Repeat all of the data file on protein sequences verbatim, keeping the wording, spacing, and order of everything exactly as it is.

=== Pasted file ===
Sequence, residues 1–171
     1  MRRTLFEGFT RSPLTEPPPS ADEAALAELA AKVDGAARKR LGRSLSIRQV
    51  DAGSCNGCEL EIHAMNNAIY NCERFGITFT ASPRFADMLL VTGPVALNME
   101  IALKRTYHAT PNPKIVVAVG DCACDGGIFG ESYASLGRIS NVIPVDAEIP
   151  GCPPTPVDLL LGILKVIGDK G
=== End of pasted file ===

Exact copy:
Sequence, residues 1–171
     1  MRRTLFEGFT RSPLTEPPPS ADEAALAELA AKVDGAARKR LGRSLSIRQV
    51  DAGSCNGCEL EIHAMNNAIY NCERFGITFT ASPRFADMLL VTGPVALNME
   101  IALKRTYHAT PNPKIVVAVG DCACDGGIFG ESYASLGRIS NVIPVDAEIP
   151  GCPPTPVDLL LGILKVIGDK G